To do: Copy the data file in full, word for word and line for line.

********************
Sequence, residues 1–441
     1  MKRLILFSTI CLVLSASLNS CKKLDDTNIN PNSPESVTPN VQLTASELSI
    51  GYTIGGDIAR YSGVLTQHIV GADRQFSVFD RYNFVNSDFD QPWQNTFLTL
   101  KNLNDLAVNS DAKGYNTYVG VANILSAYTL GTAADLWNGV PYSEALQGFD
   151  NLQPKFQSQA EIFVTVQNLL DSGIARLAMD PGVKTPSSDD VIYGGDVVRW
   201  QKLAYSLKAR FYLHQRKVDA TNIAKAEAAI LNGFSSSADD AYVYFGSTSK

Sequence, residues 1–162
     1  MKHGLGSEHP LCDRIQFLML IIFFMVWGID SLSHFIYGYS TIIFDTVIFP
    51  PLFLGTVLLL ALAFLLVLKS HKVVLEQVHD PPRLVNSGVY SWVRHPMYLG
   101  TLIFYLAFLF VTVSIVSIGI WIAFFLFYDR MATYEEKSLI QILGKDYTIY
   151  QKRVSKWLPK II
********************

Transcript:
Sequence, residues 1–441
     1  MKRLILFSTI CLVLSASLNS CKKLDDTNIN PNSPESVTPN VQLTASELSI
    51  GYTIGGDIAR YSGVLTQHIV GADRQFSVFD RYNFVNSDFD QPWQNTFLTL
   101  KNLNDLAVNS DAKGYNTYVG VANILSAYTL GTAADLWNGV PYSEALQGFD
   151  NLQPKFQSQA EIFVTVQNLL DSGIARLAMD PGVKTPSSDD VIYGGDVVRW
   201  QKLAYSLKAR FYLHQRKVDA TNIAKAEAAI LNGFSSSADD AYVYFGSTSK

Sequence, residues 1–162
     1  MKHGLGSEHP LCDRIQFLML IIFFMVWGID SLSHFIYGYS TIIFDTVIFP
    51  PLFLGTVLLL ALAFLLVLKS HKVVLEQVHD PPRLVNSGVY SWVRHPMYLG
   101  TLIFYLAFLF VTVSIVSIGI WIAFFLFYDR MATYEEKSLI QILGKDYTIY
   151  QKRVSKWLPK II